How Has Shell Managed To Improve Its Profitability Despite The Volatility In Commodity Markets?

by Trefis Team
Royal Dutch Shell Plc.
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Much like most of the oil and gas companies, Royal Dutch Shell (NYSE:RDS.A), the European integrated energy company, has seen a dip in its profitability over the last three years due to the plunge in commodity prices. However, unlike some of its peers, the company has emerged strongly from the oil slump in the last few quarters, with its stock currently trading 15% higher compared to the start of the year. The company’s efforts to streamline its operations and organizational structure, coupled with the gradual recovery in commodity prices in the last 2-3 quarters, have allowed the oil major to bring down its operational costs, thereby improving its profits as well as returns. Below, we discuss how Shell has managed to reduce its operational costs to enhance its profitability. We have a price estimate of $63 per share for Royal Dutch Shell, which is in line with its current market price.

See Our Complete Analysis On Royal Dutch Shell Here

One of the obvious outcomes of a down cycle is the transformation of the cost structure of the industry. Thus, over the last three years, the oil and gas industry has seen a majority of its players revamping their cost structure in order to remain afloat. Royal Dutch Shell, for instance, has managed to bring down its underlying operating costs from a little less than $50 billion (including the BG Group) in 2014 to almost $38 billion in the most recent quarter of 2017 (4Q rolling costs), representing a reduction of more than 20% over the last three years.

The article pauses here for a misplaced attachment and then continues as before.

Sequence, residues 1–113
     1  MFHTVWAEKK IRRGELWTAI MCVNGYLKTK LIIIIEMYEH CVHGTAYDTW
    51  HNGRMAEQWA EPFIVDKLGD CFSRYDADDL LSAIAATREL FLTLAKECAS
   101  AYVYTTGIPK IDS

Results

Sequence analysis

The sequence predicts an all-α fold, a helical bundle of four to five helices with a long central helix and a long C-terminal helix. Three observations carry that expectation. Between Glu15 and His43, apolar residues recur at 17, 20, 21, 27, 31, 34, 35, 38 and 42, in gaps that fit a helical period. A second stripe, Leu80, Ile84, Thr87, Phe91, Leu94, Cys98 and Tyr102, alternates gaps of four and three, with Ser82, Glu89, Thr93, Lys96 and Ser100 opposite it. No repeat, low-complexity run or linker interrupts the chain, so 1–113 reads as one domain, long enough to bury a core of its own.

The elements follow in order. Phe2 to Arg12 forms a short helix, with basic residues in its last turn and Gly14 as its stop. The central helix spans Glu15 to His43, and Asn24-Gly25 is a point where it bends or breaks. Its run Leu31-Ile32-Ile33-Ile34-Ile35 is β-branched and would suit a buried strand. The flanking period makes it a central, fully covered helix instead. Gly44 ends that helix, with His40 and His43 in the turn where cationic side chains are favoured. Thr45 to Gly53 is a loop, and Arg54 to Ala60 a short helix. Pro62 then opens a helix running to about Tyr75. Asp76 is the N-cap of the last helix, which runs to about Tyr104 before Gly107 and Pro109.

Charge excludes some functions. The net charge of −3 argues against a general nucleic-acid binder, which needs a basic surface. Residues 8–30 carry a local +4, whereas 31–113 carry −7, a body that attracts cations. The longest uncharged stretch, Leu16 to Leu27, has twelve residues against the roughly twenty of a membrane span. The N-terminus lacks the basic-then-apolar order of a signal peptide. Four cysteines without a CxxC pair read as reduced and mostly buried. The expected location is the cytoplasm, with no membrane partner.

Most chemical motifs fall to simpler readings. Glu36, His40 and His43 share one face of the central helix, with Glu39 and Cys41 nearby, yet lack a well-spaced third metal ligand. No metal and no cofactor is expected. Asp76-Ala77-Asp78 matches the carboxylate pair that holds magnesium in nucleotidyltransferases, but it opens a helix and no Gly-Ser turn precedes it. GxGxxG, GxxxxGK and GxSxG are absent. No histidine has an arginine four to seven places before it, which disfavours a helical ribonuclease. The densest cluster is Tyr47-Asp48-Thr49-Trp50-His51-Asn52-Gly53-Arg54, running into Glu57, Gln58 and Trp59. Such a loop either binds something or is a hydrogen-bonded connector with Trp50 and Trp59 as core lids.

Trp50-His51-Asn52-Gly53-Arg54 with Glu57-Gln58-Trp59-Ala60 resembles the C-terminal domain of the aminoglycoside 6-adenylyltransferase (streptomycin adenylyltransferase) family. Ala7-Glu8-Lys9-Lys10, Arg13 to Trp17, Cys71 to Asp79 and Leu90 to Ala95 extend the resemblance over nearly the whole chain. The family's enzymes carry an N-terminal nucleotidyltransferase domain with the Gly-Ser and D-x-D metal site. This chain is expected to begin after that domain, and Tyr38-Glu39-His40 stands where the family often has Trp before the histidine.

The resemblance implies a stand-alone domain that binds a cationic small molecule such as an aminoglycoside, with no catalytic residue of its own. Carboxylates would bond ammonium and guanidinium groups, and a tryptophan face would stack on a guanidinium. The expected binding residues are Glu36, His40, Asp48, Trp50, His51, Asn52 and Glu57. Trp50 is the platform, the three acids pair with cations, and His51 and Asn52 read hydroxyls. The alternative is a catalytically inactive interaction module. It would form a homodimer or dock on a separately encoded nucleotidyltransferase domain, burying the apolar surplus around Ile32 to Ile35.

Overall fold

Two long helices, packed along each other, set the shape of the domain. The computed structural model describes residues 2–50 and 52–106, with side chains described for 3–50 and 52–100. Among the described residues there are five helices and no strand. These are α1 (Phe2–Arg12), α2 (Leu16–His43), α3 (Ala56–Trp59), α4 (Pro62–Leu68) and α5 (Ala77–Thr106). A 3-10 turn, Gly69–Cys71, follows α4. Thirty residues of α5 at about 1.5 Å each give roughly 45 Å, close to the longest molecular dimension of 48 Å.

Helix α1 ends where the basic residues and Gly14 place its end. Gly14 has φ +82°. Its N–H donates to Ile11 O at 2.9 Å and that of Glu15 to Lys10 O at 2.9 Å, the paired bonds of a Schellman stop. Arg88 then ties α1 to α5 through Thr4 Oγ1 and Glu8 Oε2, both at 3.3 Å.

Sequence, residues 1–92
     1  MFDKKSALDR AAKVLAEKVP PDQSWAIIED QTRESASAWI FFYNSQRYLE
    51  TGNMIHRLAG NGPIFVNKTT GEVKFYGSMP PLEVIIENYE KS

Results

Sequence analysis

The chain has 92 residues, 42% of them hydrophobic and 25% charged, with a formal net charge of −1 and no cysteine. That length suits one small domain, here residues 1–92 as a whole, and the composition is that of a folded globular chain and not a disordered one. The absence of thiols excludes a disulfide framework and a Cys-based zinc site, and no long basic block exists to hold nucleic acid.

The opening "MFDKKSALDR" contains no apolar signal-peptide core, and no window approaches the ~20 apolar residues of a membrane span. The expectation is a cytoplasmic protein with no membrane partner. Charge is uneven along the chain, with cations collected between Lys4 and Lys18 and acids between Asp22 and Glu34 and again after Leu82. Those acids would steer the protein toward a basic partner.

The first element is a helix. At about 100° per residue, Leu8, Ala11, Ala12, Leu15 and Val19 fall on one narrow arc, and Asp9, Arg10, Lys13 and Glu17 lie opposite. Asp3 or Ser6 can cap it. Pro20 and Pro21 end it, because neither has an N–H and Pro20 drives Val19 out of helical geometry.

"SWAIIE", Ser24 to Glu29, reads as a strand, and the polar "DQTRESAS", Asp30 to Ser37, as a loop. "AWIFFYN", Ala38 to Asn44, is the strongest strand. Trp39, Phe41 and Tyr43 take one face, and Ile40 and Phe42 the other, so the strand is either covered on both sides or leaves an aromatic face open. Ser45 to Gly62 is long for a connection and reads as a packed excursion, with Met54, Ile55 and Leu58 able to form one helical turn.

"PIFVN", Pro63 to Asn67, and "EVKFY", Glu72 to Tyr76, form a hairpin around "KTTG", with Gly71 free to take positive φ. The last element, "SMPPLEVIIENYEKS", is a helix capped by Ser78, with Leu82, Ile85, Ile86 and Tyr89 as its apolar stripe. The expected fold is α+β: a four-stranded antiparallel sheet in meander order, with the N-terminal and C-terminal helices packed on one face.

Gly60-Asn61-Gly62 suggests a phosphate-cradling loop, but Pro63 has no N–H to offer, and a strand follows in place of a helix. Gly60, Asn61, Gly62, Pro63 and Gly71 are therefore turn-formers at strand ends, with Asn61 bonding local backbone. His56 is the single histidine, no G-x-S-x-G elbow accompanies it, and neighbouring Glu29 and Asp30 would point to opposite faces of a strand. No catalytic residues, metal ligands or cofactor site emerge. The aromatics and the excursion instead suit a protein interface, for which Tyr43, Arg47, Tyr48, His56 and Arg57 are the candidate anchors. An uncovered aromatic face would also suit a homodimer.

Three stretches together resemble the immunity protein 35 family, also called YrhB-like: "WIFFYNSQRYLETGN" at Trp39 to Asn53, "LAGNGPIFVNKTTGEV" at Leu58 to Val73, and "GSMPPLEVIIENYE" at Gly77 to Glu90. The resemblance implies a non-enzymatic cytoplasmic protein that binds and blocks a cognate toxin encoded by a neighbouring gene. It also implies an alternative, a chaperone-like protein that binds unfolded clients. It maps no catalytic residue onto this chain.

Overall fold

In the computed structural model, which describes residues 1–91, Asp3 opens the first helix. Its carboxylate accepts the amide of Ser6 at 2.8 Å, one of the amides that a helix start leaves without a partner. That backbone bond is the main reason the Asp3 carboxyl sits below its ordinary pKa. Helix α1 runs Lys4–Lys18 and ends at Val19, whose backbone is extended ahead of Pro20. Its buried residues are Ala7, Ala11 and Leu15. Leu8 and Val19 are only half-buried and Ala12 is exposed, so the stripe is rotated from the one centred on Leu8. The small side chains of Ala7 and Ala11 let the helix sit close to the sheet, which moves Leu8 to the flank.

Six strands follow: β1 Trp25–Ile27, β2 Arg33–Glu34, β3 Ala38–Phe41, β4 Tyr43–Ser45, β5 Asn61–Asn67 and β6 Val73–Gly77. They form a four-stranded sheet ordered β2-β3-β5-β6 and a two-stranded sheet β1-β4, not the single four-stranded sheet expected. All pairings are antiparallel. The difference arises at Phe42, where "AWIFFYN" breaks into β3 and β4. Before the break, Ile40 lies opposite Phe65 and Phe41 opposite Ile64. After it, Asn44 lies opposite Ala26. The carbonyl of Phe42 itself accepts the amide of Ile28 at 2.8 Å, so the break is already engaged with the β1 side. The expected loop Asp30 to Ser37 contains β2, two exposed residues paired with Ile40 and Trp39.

Shell has fulfilled this herculean task by simplification, standardization, and digitalization of data, processes, and IT solutions. This has not only enabled the company to control its overheads cost but also improved safety and efficiency throughout the organization. In addition, the oil and gas producer is using advanced monitoring and analytical tools to bring about operational efficiency improvements and significant cost reductions across all its businesses.

Further, the company has outsourced some of its non-core activities to offshore business centers in India, Poland, the Philippines, and Malaysia with an aim to lower costs and promote innovation, while its in-house employees can concentrate on more crucial and immediate activities. Apart from these cost reduction measures, Shell has successfully integrated the operations of BG Group acquired in 2016. Leveraging the efficient workforce and skilled laborers from the acquired company, the company had lowered its full-time employees (FTE) from 98,000 in early 2016 to around 85,000 in mid-2017, a decline of more than 13% in the last 15-18 months.







Despite achieving a notable drop in its operating costs, Shell plans to explore other areas of further improvement. For example, the company aspires to bring down its all-in LNG supply unit costs for its new projects to around $5 MMBTU. Also, the integrated company foresees plant utilization as one of the areas which can be further improved to enhance value delivery. For this, the company is assessing growth opportunities in LNG projects that can enable it to improve its cost competitiveness, while maintaining its leadership position in the market. If Shell continues to optimize its cost structure through its relentless efforts, we expect its profitability, and, in turn, valuation to improve considerably in the coming quarters.

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